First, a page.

Image by @ndlon
Colorlines began November with a mixed review of October's movement on immigration reform, reporting that despite the bipartisan Senate's Border Security, Economic Opportunity, and Immigration Modernization Act being stuck in the House, "Immigration Activists Continue to Fight on All Fronts." Much was being said about paralysis, but in the streets, the prisons and the corridors of power, people were acting. Coming out of the government shutdown and coinciding with the calamitous unveiling of the Affordable Care Act web site, at times immigration seemed to float off the margins, but its advocates kept pushing it to the center stage again and again. President Obama focused his October 24 press conference on immigration reform, but for many his engagement seems "too little, too late" in the legislative front, and "too much, too often" when it comes to the deportation and incarceration of the undocumented.
Russell Berman's excellent series for The Hill makes clear that there is much blame to go around for the immigration reform stalemate; both branches of government, and both political parties could and can be more proactive. As the Senate's comprehensive bill stalls in the House, Rep. Luis Gutiérrez has been calling for a negotiated piecemeal legislative approach, moving away from the comprehensive grand bargain, and has gained the support of Rep. Nancy Pelosi and Barack Obama for this approach. Yet even the seemingly non-controversial Kids Act (characterized by many as an Eric Cantor-sponsored DREAM Act) has also hit snags over disagreements regarding a path to citizenship.
As the impasse over the Kids Act shows, certain major obstacles remain in the legislative process, perhaps most pressingly in questions of border security and pathway to citizenship, pillars for Republican and Democratic support for the act. But even here, some flexibility seems to emerge. A widely-circulated New York Times article asked whether citizenship is the goal of all immigrants, testing the possibility of a variety of paths and status as part of an agreement. The same journal has recently reported on an overextended, overpaid border security industry in "Borderline Insanity at the Fence in Nogales." This reporting complements the work of Border inc. and NIYA about corporate overspending and abuse pushed by the "border security" industry. The limits of this security are also up for debate.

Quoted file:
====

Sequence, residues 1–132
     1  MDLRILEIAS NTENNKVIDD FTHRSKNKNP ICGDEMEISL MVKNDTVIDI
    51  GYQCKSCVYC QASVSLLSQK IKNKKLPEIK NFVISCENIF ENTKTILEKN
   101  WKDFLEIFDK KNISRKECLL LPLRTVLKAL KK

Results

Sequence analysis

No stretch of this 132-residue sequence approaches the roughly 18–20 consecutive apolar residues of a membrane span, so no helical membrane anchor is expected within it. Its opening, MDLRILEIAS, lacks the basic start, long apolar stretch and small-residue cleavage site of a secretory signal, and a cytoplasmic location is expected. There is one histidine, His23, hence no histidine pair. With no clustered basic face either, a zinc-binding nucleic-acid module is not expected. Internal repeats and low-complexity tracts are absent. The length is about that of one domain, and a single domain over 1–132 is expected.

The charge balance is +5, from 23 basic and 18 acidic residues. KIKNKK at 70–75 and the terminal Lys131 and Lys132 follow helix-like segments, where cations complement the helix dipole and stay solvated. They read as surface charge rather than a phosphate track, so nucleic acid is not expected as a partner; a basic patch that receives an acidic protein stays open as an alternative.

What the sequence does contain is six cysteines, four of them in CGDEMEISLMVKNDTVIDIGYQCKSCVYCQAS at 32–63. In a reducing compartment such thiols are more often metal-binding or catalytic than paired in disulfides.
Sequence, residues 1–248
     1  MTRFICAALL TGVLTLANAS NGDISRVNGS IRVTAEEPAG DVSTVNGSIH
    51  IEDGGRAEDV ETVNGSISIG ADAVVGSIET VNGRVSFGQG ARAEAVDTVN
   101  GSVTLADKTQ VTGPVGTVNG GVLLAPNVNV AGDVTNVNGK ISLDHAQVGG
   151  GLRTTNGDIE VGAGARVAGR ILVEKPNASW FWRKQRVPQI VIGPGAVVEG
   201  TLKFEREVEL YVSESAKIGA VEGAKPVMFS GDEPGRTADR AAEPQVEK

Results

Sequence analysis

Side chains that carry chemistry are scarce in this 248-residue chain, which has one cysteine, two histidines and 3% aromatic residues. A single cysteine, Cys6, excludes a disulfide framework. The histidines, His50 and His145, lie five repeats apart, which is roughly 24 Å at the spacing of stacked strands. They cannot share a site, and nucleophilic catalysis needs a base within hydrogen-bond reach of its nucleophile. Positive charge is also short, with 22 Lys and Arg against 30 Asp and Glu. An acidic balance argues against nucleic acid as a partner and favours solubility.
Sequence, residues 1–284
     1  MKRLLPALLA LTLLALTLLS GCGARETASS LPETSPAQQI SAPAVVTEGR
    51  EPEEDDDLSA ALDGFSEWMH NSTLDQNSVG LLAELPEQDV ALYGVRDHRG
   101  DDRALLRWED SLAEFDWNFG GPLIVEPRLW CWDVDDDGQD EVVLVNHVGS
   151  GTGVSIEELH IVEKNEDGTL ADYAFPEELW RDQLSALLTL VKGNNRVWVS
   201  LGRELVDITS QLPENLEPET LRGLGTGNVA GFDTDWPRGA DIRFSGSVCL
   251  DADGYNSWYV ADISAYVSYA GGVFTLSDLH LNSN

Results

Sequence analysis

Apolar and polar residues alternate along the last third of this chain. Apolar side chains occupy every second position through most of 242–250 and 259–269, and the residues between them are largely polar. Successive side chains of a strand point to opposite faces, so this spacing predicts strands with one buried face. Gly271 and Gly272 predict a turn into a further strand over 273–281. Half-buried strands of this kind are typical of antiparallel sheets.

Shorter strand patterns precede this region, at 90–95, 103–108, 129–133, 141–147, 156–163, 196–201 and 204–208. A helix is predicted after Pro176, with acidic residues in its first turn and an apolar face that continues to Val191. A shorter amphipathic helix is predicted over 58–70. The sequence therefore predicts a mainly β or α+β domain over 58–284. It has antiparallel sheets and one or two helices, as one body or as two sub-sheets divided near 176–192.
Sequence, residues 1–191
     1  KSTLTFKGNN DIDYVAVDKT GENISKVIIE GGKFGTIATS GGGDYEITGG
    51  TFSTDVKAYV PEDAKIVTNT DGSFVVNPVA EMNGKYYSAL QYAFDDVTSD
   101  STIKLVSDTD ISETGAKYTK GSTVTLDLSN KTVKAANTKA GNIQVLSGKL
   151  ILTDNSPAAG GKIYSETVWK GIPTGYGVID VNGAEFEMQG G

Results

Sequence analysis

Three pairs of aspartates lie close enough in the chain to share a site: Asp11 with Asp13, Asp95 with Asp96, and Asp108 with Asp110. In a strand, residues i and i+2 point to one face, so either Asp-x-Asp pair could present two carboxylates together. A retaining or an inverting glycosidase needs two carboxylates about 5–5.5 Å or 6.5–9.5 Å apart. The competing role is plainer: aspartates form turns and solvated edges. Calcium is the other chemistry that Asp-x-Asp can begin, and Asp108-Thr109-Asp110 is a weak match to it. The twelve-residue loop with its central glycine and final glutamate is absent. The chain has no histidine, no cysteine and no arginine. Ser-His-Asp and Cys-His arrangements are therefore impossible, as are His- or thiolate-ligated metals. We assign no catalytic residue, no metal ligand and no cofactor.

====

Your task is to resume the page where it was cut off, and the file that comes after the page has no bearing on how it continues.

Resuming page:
A piecemeal approach might help address some of these specific questions as individual components are carefully examined. Yet, as these polite legislative negotiations continue, the deportations also continue at an unprecedented rate, earning Barack Obama the title of "deporter-in-chief."
One cannot question every single one of these deportations, like one cannot question every single arrest. Yet one can indeed question the excessive deportations and arrests to satisfy the contractual needs of the border security and prison lobbies. And while #NotOneMore is an important slogan, everyone is aware that some deportations will continue, and that communities do want a certain level of reasonable security.
This doesn't mean that enforcement policies need to remain the same way.
In a recent column, Pablo Manriquez questioned "How to Defend Obama on Deportations" at a time when many congressional Democrats expect him to act by extending DACA and pausing deportations. He rightly points at the importance of the legislative process and asks the Executive to act both in proposing legislation and directing more reasonable ICE enforcement priorities. Crucial for Manriquez is that the Executive introduce legislation for a path to citizenship. One would hope that the president can come up with a reasonable bill. And as the legislative process grinds on, he has other tools at his disposal.
Prudent use of certain executive prerogatives are politically feasible and possible. DACA and later directives aimed at providing "parole in place" to military families, allowing relatives to remain in the US while obtaining immigration documentation, show that this kind of action is possible. The president has been patient with the legislative process, the least he can do is provide some relief to those groups that would qualify under the bipartisan Senate bill.
There are other issues that might be beyond the legislative and executive's agendas today, and here activists also have open fronts. Mexico has become a horrific middle passage for many Central American migrants, "La bestia" being its most tangible symbol. This facet of the immigration debate cannot escape our sight either. Perhaps just coincidentally, as fasts for Immigration Reform continue in Washington, D.C., the Caravana de Madres de Migrantes Desaparecidos has been following another old political tradition, leading a pilgrimage through Mexico, in search for disappeared migrant relatives.
These Central American pilgrims are not alone in their search for an improved migration system. They count with the support of organizations large and small, with figures ranging from Father Solalinde to Las Patronas. Groups and people who remind us that migration is a regional and global issue requiring constant attention in many fronts. A reasonable presidential reprieve will not solve all problems, but would be a promising signal of Obama leading in finding a real humane solution to the effects of a broken immigration system. At the same time, people will continue to endeavor to find local solutions to global problems.
This post first appeared on My first blog.